a panel, the manufacturer could order, receive, transact, inventory, inspect, issue,
extension of handle, and administer each of the dozens of components independently. Or the
kanban pull manufacturer could specify all of the components as a kit and have only ONE part
systems... number and one set of administration. The supply chain complexity is significantly
reduced and cost adding activities are minimized. The electrical components
supplier can add value to the supply chain by performing kitting as a value adding
service for the manufacturer.

An extension of kitting is to provide components in a kit tray that presents


components in a fit-for-use condition to the user. Fit-for-use means that the
components are positioned correctly for the assembler, organized logically, and do
not require un-boxing and/or de-trashing. The tray is designed to integrate into the
customer’s assembly area, and can form the basis of a visual kanban pull system.
For example, when a tray is empty it becomes the kanban (or the signal) for the
supplier to ship another tray. Obviously there are many details to engineer for this to
work effectively. But once it is all set up, the simplicity facilitates speed and lowers
supply chain cost.

Lean Design
Lean design focuses on reducing cost and increasing speed in the engineering,
estimating, and quoting of an electrical product or service.

Step 7 Parallel Design


The traditional way to do new
product introduction (NPI) and
development is called sequential
design. The steps are: idea ->
design -> prototype -> tooling ->
materials -> production. Essentially,
The supply one phase is not started until the
chain complexity previous phase is complete. Quite
often, the design time is cut short
is significantly so other activities can begin. The
reduced...” result of this approach is a long
throughput time and many costly ECO’s (engineering change orders) that originate in
production and require design revisions. The electrical component supplier formally
enters this process when material is procured … long after the design, prototype,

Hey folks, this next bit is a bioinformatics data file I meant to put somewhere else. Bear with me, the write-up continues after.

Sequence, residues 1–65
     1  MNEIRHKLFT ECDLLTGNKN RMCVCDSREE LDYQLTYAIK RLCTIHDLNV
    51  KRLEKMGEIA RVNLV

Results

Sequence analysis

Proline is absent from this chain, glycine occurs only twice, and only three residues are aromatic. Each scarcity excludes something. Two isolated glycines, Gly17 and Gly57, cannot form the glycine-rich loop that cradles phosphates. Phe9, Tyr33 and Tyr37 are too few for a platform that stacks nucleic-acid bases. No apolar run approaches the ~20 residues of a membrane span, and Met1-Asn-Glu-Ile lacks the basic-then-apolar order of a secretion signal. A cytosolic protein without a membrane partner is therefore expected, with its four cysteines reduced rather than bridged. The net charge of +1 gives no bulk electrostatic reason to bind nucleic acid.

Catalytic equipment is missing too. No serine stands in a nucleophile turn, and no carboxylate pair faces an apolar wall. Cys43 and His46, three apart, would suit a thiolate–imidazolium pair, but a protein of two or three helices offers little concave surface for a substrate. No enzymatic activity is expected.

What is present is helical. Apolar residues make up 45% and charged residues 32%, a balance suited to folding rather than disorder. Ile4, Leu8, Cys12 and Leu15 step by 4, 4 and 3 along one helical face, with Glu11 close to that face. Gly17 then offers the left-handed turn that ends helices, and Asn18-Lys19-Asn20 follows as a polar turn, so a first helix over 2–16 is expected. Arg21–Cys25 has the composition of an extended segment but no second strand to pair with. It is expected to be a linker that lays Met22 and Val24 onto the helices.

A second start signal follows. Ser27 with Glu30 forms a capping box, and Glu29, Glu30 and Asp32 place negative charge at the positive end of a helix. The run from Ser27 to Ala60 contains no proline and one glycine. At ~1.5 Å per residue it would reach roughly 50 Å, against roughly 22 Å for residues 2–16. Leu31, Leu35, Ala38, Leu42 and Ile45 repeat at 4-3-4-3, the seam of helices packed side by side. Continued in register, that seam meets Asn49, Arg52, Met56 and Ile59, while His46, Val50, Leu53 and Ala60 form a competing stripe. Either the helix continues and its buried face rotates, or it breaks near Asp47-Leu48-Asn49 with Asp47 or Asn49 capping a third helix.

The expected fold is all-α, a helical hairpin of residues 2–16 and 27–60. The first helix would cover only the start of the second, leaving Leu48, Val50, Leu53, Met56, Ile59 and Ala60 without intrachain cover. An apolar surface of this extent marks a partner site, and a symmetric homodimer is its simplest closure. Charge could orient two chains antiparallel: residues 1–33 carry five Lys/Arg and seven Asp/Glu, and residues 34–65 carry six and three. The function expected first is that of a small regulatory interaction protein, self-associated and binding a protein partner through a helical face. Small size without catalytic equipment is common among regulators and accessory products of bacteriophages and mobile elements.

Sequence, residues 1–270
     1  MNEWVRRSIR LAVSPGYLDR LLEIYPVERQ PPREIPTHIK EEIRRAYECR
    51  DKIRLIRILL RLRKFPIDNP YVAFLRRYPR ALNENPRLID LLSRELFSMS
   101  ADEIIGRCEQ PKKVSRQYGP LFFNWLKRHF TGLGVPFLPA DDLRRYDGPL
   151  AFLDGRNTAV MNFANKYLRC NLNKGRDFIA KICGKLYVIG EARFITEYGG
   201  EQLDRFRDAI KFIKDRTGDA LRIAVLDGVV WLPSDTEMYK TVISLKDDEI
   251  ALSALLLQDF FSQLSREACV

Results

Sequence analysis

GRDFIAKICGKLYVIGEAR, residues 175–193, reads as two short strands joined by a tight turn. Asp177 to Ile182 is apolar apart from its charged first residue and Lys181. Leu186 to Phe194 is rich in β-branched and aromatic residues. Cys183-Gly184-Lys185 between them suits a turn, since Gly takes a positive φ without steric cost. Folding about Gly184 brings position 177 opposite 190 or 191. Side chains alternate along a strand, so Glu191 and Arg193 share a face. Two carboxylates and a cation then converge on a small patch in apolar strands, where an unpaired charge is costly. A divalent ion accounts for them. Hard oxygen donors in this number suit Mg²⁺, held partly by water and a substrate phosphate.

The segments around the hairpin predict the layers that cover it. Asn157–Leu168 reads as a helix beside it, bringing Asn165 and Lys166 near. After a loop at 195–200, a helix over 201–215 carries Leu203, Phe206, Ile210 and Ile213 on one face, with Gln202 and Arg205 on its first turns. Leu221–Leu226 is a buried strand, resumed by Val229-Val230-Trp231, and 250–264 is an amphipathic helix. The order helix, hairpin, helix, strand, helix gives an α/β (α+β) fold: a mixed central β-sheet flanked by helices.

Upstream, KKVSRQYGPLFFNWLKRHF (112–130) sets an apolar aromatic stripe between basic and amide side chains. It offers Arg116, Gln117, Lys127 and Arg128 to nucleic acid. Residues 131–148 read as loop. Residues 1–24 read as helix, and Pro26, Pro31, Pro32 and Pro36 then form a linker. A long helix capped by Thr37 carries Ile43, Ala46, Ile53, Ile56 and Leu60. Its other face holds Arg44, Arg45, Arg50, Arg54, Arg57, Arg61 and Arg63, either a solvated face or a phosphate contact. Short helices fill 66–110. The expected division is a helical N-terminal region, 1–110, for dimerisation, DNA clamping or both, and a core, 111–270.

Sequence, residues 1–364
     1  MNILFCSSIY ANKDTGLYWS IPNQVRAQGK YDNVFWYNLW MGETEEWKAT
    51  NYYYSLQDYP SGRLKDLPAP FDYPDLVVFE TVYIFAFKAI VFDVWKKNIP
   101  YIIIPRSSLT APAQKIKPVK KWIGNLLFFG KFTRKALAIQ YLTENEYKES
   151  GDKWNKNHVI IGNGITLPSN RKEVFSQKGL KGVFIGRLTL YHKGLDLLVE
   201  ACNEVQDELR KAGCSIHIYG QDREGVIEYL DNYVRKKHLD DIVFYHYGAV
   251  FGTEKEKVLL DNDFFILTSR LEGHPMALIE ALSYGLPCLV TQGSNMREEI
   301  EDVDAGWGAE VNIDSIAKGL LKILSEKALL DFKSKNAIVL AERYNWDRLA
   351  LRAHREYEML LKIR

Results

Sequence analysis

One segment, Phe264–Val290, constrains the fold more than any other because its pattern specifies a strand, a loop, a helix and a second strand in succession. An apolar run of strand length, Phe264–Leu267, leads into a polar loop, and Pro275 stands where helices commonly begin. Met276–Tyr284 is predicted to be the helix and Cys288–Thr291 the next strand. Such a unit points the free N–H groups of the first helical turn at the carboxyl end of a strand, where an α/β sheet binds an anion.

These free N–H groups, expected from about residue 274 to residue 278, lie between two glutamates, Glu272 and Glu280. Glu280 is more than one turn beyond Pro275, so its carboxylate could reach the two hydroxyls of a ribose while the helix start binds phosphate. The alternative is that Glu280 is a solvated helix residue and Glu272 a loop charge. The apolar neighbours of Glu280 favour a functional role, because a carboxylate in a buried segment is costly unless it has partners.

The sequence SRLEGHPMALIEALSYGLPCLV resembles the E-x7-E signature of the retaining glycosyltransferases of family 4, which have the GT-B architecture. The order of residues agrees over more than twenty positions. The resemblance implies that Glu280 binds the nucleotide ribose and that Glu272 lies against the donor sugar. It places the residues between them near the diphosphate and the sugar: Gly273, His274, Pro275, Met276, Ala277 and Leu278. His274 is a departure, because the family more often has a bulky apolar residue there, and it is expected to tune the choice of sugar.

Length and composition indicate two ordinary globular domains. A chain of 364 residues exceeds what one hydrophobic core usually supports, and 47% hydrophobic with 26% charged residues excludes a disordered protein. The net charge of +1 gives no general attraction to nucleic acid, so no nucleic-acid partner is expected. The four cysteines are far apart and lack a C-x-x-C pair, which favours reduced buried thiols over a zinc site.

and tooling are complete. Sequential design is shown is Figure 4.

The lean approach is to do several activities in parallel. Once the decision has been
made to commit design resources to an idea or request, a team is formed to do the
detailed design. The team includes engineering, material, manufacturing, tooling,

6 White Paper by J.E. Boyer Company, Inc.


© 2005 J.E. Boyer Company, Inc. Compliments of ABB Inc., Wichita Falls, TX 888-385-1221
Ten Steps to Lean Electrical Controls
suppliers, and the customer! It may take longer to finalize the design, but several of
the handoffs have been eliminated.
Material sourcing, tooling, and
prototyping are all integrated The lean
into the design process and are
accomplished simultaneously. approach is to
In this scenario, the electrical do several
component supplier is included
near the start of the design process activities in
which allows supplier know-how parallel.
and technology to be included in the
product. The result is a less costly,
better engineered product that more
completely satisfies the customer’s needs, and utilizes the best supplier technology.
Plus, the number of ECO’s when production commences in significantly reduced.
Parallel design is shown in Figure 5.

Step 8 Fast Quoting


In general, customers want quotes right away … not tomorrow or in a few days.
We find that slow quotes are the result of a high wait-to-work ratio in the quoting
process. In other words, much of the time the request for quote is sitting on
someone’s desk! Just like the functional factory, slow quoting is often the result of
a functional office … engineers here, scheduling over there, accounting in the next
building, and order entry down the hall. The secret to fast quoting is to co-locate
the people required to do the job which significantly improves communications